Brexit has reopened the centuries-old question of how Ireland should be governed. And the Irish question in turn will play a significant role in determining what form Brexit takes.
The island was partitioned in 1922, with six of its 32 counties forming Northern Ireland, which stayed in the United Kingdom, and 26 winning independence as the Republic of Ireland. The Good Friday Agreement that ended three decades of violent conflict in 1998 seemed to have preserved that separation for decades to come. In it was enshrined the principle of consent, under which no change to Northern Ireland's status is possible without the approval of a majority of voters there. And by a large margin, Northern Irish voters want to stay in the U.K.
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The agreement also offered those who were opposed to partition a way to live their lives largely unaffected by that constitutional status. They were citizens of the European Union, could travel on a Republic of Ireland passport, could casually move back and forth across an invisible border and had a say in governing the province.
But the U.K.'s June 2016 vote to leave the EU made the issue of governance live again.
"The whole foundation of the Good Friday Agreement is joint membership of the EU," said James Hughes, a professor of politics at the London School of Economics and Political Science. "So Brexit was clearly going to destabilize all of these arrangements."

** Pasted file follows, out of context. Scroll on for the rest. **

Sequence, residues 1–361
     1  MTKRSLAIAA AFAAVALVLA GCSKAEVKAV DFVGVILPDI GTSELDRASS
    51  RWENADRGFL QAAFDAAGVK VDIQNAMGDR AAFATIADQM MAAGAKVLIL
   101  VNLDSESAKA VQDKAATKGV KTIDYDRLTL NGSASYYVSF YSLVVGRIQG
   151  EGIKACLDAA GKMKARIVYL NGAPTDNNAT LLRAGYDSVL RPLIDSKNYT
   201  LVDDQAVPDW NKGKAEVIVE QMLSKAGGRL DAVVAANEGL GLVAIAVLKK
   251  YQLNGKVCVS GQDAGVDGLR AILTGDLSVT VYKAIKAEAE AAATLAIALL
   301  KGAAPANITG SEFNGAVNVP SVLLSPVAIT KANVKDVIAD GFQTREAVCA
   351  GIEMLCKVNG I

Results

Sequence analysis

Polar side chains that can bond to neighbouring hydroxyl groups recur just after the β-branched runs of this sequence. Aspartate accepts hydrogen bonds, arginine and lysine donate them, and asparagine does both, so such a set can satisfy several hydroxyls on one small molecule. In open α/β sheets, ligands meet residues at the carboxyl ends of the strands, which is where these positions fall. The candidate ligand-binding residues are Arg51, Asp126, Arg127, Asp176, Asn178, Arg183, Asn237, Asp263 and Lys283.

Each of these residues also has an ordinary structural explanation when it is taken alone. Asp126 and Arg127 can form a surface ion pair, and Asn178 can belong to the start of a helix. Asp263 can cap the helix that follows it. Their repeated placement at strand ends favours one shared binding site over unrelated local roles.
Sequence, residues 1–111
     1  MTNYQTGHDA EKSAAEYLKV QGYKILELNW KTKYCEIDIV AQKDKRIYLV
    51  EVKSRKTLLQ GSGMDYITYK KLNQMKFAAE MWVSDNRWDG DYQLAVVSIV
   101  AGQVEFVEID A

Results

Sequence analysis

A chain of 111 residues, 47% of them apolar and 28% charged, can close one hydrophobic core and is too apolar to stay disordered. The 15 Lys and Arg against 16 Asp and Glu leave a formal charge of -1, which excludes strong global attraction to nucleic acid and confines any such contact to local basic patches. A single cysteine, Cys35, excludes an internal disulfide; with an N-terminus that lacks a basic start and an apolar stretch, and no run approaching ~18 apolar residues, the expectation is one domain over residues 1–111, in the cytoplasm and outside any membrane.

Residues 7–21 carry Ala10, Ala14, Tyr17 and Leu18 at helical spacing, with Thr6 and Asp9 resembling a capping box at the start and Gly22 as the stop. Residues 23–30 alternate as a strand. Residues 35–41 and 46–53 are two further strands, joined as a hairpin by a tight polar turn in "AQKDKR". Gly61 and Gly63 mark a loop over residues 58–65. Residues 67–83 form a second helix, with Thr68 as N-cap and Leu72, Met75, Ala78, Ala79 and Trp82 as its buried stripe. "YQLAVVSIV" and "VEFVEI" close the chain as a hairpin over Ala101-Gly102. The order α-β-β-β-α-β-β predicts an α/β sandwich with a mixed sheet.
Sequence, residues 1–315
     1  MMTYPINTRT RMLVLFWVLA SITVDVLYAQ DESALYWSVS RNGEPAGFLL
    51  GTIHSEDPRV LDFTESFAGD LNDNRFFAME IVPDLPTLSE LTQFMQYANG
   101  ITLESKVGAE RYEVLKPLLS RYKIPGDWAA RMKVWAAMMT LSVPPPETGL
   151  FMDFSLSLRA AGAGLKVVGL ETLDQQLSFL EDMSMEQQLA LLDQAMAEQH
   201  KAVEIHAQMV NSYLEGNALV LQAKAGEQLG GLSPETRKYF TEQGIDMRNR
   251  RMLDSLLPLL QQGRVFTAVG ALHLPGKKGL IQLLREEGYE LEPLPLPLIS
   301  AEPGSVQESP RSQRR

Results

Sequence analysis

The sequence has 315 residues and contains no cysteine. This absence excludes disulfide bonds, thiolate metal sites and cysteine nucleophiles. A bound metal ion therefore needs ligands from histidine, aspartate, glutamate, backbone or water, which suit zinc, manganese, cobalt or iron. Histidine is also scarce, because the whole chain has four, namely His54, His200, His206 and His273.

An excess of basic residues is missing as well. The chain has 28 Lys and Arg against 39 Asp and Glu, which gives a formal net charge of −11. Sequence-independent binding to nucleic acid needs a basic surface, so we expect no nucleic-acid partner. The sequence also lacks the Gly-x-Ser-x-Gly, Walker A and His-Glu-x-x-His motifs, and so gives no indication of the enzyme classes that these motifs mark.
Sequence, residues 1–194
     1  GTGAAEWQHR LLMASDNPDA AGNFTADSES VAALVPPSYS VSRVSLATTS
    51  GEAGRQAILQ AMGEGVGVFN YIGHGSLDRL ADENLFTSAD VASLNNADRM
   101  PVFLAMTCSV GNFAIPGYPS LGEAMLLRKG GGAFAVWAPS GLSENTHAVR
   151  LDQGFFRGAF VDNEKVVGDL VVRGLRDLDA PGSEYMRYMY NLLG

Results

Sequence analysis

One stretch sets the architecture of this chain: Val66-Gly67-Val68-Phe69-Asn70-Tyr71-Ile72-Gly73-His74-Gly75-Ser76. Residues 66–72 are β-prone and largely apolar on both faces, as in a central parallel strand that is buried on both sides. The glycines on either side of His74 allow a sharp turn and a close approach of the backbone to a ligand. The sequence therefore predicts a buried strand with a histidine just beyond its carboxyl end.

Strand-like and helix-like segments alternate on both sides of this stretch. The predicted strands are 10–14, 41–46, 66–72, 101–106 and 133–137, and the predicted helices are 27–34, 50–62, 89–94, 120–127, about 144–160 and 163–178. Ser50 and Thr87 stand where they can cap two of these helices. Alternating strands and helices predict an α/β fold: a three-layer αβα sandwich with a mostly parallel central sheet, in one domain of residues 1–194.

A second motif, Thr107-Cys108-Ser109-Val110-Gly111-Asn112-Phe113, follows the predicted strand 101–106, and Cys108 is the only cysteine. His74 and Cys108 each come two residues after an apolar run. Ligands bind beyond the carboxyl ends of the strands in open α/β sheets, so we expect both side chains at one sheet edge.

There are two problems. While the U.K. as a whole narrowly voted to leave the bloc, Northern Ireland by a wider margin voted to remain. And it is clear that if the U.K. left the EU's free-trade area, as Prime Minister Theresa May has said it will do, a possible consequence would be a physical, visible border between Northern Ireland and the Republic of Ireland.
For the Republic of Ireland, a "hard" border threatens significant economic damage given the degree to which businesses and careers have over the past two decades been built around the unhindered movement of goods and people between the two states.
But there is another, deeper problem. In the decades after partition, successive governments in the Republic of Ireland effectively abandoned those in Northern Ireland who opposed the split, known as nationalists. The existence of Northern Ireland was viewed as an embarrassing compromise that undermined the heroic version of how independence was achieved, and leaders showed little interest in protecting the people they continued to claim a right to govern.
As a result, Northern Irish nationalists felt powerless in the face of half a century of discrimination at the hands of a state that was run by and for unionists, and some eventually turned to violence in the late 1960s, precipitating the 30 years of conflict that ended with the Good Friday Agreement.
To the Republic of Ireland's political establishment, conceding a "hard" border would repeat that mistake, cutting off nationalists, with possibly similar consequences.